Whenever a new country becomes a member of the Eurozone, they convert all their local currency into the Euro. What I don't understand is where does this huge new volume of Euros come from overnight? Does the European Central Bank simply print the extra money? If so, why doesn't this cause significant inflation?
Yes the European Cenral Bank issues the extra quantity of money (as for the actual printing there are factories that print euros in many member countries of the EU, under the control of the ECB).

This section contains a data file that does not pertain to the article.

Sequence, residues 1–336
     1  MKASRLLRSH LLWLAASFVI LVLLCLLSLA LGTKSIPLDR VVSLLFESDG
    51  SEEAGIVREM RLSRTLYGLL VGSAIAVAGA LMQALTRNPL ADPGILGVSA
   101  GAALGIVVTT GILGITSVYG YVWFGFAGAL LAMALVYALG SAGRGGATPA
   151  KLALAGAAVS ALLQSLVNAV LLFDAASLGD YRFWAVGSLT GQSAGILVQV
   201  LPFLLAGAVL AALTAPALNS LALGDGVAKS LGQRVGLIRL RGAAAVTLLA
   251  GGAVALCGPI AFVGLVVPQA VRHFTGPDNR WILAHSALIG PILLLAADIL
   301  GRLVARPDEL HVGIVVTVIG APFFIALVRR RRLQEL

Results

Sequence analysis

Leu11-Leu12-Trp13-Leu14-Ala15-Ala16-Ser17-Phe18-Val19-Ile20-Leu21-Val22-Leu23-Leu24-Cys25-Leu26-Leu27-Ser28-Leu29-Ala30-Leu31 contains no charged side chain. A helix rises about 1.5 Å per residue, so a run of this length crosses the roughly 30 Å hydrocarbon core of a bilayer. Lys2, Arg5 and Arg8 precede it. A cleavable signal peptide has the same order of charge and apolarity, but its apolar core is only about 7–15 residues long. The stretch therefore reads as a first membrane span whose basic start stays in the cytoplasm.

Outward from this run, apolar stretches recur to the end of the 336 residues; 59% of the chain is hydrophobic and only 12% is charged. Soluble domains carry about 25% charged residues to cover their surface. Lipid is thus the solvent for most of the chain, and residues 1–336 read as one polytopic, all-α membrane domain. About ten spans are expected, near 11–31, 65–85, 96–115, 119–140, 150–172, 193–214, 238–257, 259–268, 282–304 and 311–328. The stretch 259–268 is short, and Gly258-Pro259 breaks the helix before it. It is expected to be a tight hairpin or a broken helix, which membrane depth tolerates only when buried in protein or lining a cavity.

Regarding why this does not cause inflation, it is because alongside the additional quantity of money comes the additional quantity of output of the new member, and the additional transactions related to this additional output that the additional quantity of money is called upon to facilitate.
Use the traditional "quantity theory of money"
$$PQ = VM$$
$M$ increases but $Q$ also increases, so $P$ does not have to increase.
Of course it is much more complex and complicated and gradual in a real world situation, but the fundamental idea is the above.